I'm currently a co-director at EA Netherlands (with Marieke de Visscher). We're working to build and strengthen the EA community here.
Before this, I worked as a consultant on urban socioeconomic development projects and programmes funded by the EU. Before that, I studied liberal arts (in the UK) and then philosophy (in the Netherlands).
Hit me up if you wanna find out about the Dutch EA community! :)
Thanks for the update! I agree with Nathan that this deserves its own post.
Re your last point, I always saw SBF/FTX (when things were going well) as a success story relating to E2G/billionaire philanthropy/maximisation/hardcore utilitarianism/risk-taking/etc. I feel these are the factors that make SBF's case distinctive, and the connection to community building is more tenuous.
This being the case, the whole thing has updated me away from those things, but it hasn't really updated my view on community building (other than that we should be doing things more in line with Ord's opening address at EAG Bay Area).
I'm surprised you see things differently and would be interested in hearing why that is :)
Maybe I'm just biased because I'm a professional community builder!
Rutger Bregman has just written a very nice story on how Rob Mather came to found AMF! Apart from a GWWC interview, I think this is the first time anyone has told this tale in detail. There are a few good lessons in there if you're looking to start a high-impact org.
It's in Dutch, but google translate works very well!
Yup! Basically structuring all of our M&E work around it. So far have mostly used it to help with our ToC and a recent needs assessment of our subgroup organisers. Lynn from EA UK showed me it, so all credit to her :)
I've found this resource from IDinsight suuuuper helpful, and I think it's approximately what you're looking for?
Thanks for always sharing your reports like this! Super helpful :)
I don't think it's been publically written down anywhere, I've only been discouraged via private comms. E.g., I've been approached by journalists, I've then mentioned it to CEA, and then CEA will have explicitly discouraged me from engaging. To their credit, when I've explained my reasoning they've said ok and have even provided media training. But there's definitely been explicit discouragement nonetheless.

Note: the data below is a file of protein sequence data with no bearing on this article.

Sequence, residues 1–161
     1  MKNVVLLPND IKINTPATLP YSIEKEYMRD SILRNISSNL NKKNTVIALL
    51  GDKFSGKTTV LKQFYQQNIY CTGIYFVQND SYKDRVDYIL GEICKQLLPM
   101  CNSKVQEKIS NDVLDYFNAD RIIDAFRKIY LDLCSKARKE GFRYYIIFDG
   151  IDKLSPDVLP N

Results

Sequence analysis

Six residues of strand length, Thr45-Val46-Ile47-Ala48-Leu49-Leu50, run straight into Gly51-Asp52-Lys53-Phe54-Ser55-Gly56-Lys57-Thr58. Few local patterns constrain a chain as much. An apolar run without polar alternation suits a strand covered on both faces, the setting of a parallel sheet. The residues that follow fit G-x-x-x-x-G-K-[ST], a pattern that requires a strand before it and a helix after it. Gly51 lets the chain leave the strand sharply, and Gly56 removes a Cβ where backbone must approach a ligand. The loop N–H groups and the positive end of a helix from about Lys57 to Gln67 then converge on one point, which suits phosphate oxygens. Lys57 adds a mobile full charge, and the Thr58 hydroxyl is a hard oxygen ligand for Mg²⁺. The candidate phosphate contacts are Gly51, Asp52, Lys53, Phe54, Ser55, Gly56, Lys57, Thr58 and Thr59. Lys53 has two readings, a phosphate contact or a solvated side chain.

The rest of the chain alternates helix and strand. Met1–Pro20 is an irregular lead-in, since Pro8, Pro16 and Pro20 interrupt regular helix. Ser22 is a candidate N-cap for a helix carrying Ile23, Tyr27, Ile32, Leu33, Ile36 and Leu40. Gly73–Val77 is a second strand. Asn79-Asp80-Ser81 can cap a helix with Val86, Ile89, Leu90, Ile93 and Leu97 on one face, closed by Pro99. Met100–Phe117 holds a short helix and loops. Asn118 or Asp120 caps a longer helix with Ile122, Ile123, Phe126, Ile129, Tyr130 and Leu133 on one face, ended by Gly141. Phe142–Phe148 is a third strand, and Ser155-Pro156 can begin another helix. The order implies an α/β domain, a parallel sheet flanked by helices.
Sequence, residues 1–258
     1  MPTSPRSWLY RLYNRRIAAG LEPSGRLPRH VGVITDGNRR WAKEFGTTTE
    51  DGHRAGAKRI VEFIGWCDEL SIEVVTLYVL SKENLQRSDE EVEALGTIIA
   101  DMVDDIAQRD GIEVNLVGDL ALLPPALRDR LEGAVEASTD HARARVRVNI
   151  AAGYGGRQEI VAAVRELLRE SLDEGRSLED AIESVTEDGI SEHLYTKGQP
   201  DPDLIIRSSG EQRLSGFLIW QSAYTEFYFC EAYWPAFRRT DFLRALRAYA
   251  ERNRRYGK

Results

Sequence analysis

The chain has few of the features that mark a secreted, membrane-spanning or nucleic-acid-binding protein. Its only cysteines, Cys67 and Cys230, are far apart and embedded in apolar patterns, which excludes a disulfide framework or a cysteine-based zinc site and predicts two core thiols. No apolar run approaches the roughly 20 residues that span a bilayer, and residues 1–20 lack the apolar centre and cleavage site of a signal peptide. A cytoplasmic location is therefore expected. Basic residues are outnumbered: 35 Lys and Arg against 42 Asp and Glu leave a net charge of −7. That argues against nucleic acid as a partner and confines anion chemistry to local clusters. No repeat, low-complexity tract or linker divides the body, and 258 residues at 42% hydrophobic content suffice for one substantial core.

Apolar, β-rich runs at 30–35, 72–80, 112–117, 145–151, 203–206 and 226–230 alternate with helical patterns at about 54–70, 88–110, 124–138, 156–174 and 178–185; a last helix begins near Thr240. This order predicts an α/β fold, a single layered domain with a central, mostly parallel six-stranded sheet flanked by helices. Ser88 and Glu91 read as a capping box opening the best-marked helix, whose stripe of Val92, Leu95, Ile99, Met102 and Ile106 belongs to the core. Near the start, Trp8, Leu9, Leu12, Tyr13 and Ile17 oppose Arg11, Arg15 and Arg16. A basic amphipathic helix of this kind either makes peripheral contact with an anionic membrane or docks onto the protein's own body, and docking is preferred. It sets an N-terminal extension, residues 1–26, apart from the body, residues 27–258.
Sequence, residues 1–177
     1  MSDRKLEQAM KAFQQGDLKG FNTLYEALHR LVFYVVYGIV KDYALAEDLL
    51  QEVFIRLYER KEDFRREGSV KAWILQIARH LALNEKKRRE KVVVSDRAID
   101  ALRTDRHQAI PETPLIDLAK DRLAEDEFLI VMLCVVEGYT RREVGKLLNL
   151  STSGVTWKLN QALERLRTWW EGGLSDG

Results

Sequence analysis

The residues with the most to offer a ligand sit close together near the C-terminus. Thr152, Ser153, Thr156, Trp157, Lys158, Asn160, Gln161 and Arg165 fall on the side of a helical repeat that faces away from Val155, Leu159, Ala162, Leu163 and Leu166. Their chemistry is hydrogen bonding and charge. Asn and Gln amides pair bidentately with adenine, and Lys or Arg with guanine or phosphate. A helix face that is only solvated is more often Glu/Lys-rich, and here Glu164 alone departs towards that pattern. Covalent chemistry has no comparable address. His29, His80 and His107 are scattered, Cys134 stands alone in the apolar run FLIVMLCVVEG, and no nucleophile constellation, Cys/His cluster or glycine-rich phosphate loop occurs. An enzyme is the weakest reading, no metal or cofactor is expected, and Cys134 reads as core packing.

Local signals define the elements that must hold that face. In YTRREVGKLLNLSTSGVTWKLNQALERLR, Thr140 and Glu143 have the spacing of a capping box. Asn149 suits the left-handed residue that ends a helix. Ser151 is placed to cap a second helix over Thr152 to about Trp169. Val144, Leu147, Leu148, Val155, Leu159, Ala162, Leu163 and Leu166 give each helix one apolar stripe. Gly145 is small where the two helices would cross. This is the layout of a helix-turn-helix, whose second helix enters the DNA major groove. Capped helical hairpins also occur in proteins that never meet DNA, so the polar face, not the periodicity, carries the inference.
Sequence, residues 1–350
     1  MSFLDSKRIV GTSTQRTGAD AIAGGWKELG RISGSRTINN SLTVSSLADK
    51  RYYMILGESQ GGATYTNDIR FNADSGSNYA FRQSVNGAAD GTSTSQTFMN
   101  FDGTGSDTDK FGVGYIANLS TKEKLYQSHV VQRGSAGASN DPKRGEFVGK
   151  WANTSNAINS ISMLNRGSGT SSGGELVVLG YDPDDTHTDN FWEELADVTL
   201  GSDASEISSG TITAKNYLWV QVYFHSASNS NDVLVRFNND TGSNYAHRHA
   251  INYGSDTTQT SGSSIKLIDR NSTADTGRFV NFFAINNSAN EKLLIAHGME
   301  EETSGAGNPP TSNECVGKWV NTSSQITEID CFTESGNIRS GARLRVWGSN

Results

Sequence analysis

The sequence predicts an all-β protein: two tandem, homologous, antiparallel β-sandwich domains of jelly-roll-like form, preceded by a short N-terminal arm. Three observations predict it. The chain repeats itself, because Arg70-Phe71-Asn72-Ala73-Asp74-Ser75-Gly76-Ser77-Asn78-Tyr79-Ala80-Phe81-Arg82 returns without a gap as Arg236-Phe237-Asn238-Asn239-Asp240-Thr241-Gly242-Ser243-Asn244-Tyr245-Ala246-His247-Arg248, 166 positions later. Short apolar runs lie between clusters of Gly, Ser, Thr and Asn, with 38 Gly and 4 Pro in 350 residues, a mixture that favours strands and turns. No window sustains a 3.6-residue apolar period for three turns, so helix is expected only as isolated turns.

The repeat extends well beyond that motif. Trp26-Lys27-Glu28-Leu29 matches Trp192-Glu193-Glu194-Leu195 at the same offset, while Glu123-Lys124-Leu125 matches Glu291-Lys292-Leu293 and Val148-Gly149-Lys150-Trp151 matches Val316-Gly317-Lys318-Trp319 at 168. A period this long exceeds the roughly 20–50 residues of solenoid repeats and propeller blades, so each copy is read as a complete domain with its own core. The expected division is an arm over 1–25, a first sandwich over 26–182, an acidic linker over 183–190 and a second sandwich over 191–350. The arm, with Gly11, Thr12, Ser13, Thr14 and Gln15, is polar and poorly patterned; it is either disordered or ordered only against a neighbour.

Small note, I'd say CEA currently explicitly discourages community members from telling journalists they trust information.
I suggest encouraging CEA to support/train CBGs in conducting these kinds of exercises.
Nice post! Like other have said in the comments, it's hard to come up with concrete takeaways. Personally, I'm going to spend more time with the very few quakers I know just to learn more about their general vibe.
Thanks! Lately I've also thinking about concepts such as network capital or social capital. More specifically, I've been thinking about Chetty's work on social capital and economic mobility. I think this could be useful to help us think about 'impact-mobility'.
What is impact mobility? If economic mobility is the ability of an individual to improve their economic status (usually measured in income); then impact-mobility is the ability of an individual to improve their impact-status (perhaps measured in QALYs achieved or whatever). Presumably, we want our EA communities to have high impact-mobility.
How might we increase impact-mobility?
According to Chetty's research, the share of high socioeconomic status friends among individuals with low socioeconomic status (SES) is among the strongest predictors of upward income mobility identified to date. His team terms this 'economic connectedness'.
I think something similar could be said of the EA community. The share of high impact-status friends among individuals with low-impact status could be one of the strongest predictors of upward impact-mobility. This could be referred to as 'impact-connectedness'.
In a companion paper, Chetty's team analyse the determinants of economic connectedness.
They show that about half of the social disconnection across socioeconomic lines —measured as the difference in the share of high-SES friends between people with low and high SES—is explained by differences in exposure to people with high SES in groups such as schools and religious organisations.
The other half is explained by friending bias—the tendency for people with low SES to befriend people with high SES at lower rates even conditional on exposure. Friending bias is shaped by the structure of the groups in which people interact. For example, friending bias is higher in larger and more diverse groups and lower in religious organizations than in schools and workplaces.
So, transferring this to EA, we might want to build communities that expose low impact-status individuals to high impact-status individuals (inter-status exposure), and do it in such a way that friending bias is low. This would result in an EA community with high impact-connectedness, and thus high impact-mobility.
How might we increase inter-status exposure and decrease friending bias?
We can look at what increases economic connectedness to help us think about what might increase impact-connectedness.
Regarding inter-status exposure (the socioeconomic composition of the groups to which people belong), Chetty et al cite several policy efforts we might look at: busing programmes aimed at integrating schools; zoning and affordable housing policies aimed at integrating neighbourhoods; and college admissions reforms to boost diversity on campuses. What might the EA equivalents be?
Regarding friending bias (the rate at which cross-SES friendships are formed conditional on exposure), interventions have been studied less frequently. However, Chetty et al do suggest this is shaped by social structures and institutions and can therefore be influenced by policy changes. They list several examples.
What might the EA equivalents be here?